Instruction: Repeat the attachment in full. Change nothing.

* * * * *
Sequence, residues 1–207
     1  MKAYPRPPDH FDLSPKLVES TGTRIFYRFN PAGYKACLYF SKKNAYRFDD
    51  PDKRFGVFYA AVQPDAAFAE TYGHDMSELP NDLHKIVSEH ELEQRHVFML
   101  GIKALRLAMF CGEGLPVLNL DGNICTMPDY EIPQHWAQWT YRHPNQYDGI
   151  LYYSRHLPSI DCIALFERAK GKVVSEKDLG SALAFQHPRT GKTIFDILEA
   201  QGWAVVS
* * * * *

Sequence, residues 1–207
     1  MKAYPRPPDH FDLSPKLVES TGTRIFYRFN PAGYKACLYF SKKNAYRFDD
    51  PDKRFGVFYA AVQPDAAFAE TYGHDMSELP NDLHKIVSEH ELEQRHVFML
   101  GIKALRLAMF CGEGLPVLNL DGNICTMPDY EIPQHWAQWT YRHPNQYDGI
   151  LYYSRHLPSI DCIALFERAK GKVVSEKDLG SALAFQHPRT GKTIFDILEA
   201  QGWAVVS